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I'm downloading some Podcasts right now, BBC's Desert Island Discs…
Recalling, in 2007, TdP said: Digital radio came along with a promise of perfect sound forever on the radio, and the BBC made all sorts of spurious claims using what I'd call not-true comparisons; for example, showing that they could drive a car around and digital would sound better under certain circumstances.
FM, when it was designed in the late 1940s, had a dynamic range of 80dB potentially, and FM has the linearity of an analog system, because the equivalent sampling frequency is around 108MHz, which is huge, and gives an extraordinary resolution. And then they come along with a digital system that is only 13 or 14 bits, and 32kHz sampling.
And now, with digital radio, even Radio 3 [the BBC's classical-music and arts radio station] has been cut down to 160 kilobits per second. They've now abused us, putting on more and more channels of poorer quality on digital radio. What is the purpose? It's not high quality! They don't care any more about quality, that's the saddest part. Whereas, with stereo and FM, the original aspiration was towards quality. With the BBC, back in the 1950s and 1960s, there was a relaxed quality in listening to Radio 3, for example, or Radio 4. But as time has gone on it's been mutilated. And now Radio 3 is processed until it's not very palatable.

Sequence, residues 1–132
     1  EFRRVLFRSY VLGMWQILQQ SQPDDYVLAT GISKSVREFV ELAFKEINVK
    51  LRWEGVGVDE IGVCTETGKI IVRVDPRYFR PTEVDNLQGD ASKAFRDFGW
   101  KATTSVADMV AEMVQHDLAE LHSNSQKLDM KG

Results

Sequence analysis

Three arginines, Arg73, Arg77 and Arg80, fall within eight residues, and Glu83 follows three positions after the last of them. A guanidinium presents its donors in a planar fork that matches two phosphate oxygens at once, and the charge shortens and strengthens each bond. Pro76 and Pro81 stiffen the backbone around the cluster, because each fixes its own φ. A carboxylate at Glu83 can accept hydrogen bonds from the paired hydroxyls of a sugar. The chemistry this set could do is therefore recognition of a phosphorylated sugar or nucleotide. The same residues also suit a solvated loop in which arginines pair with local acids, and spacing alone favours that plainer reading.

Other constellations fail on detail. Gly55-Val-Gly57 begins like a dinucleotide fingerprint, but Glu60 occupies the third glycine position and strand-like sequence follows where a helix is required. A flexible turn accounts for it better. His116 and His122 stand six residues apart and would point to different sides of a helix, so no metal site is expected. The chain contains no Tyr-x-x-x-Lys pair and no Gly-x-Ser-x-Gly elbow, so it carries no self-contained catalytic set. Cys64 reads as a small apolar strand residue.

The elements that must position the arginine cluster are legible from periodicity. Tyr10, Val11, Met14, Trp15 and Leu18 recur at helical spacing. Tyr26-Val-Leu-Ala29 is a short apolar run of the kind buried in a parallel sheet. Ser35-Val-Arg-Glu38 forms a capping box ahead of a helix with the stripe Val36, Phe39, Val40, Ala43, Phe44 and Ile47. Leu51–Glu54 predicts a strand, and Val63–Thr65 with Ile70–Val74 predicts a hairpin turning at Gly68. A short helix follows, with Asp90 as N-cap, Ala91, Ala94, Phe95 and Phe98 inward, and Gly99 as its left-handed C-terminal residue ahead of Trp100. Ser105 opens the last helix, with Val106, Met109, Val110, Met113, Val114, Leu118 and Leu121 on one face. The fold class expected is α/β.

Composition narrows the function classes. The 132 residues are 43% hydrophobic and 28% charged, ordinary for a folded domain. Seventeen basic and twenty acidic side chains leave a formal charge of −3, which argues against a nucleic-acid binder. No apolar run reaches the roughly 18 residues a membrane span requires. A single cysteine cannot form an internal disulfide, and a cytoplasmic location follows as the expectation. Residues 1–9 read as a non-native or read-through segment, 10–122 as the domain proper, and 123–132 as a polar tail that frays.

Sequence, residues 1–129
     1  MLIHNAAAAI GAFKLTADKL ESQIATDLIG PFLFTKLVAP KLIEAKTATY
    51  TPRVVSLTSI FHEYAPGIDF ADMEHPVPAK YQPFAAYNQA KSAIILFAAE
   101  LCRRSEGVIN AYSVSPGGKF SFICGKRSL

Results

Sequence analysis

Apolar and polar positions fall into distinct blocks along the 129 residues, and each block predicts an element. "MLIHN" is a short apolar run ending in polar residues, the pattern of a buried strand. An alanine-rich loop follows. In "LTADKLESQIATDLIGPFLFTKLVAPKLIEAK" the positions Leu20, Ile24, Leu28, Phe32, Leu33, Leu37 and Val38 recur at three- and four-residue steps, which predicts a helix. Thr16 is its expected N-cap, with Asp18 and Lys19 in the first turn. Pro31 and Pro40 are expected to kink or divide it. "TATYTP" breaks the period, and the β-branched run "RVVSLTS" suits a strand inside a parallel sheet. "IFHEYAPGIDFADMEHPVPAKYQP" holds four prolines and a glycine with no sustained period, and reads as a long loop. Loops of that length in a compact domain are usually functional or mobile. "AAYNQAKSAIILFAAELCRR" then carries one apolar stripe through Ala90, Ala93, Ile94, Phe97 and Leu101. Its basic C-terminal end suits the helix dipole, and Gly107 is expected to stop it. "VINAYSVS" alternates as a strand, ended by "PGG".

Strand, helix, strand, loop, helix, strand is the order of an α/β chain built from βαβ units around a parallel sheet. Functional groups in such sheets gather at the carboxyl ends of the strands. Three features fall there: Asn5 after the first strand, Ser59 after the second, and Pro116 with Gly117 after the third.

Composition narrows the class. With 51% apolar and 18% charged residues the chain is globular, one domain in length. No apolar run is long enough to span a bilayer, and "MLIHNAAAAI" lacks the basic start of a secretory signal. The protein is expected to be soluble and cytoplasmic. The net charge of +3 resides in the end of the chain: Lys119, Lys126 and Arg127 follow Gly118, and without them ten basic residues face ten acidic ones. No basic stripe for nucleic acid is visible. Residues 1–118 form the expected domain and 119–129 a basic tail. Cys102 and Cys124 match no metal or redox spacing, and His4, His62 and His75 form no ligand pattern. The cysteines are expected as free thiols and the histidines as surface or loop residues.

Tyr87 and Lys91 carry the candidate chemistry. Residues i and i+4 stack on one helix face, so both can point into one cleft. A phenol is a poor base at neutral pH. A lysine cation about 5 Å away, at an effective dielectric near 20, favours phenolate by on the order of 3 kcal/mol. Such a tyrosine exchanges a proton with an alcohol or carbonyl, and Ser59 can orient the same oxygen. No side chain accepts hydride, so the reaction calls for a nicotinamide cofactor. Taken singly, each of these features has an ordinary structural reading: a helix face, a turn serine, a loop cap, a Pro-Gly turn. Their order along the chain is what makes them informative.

People will eventually believe McDonald's tastes good, if you force them. But there are people who like good food, and go out of their way to look for good food. The same with good music. And music is human emotion, it is every bit as important to us as food, because music conveys everything from laughter to crying to smiling to tears of joy.
Do you lose awareness that Hi-Fi, selling it—the products is about profitability? Admittedly, sometimes I forget. But I try to remember each time before I'm about buy…
Regarding Antony Michaelson's tribute: When I started [Musical Fidelity] I remained friends with him. One day I was at his house and we inevitably began talking circuits. He started getting excited, very excited, and took me into his workshop (piles of car parts, half-finished breadboard circuits, masses of wires and components, a bit of cat poop, un-emptied ashtrays… Yup! Genius at work!) and showed me a small breadboard with a couple of output transistors strapped to it; it looked like nothing. Then he really got into gear: Class A, low cost, amazing sonics, waving hands, blazing eyes. His passion convinced me, and the result was the A1; the bestselling MF product of all time. Thank you, Tim!
Tim was never interested in the money when it came to his designs. Everything we did together happened on trust, with no mention of money. Typically Tim. He never even considered a price for the A1 design, but I knew it was something special and so through my own insistence I put him on a handsome retainer/salary. Tim was an un-worldly gift to the world of audio, and his influence and status needed to be recognized.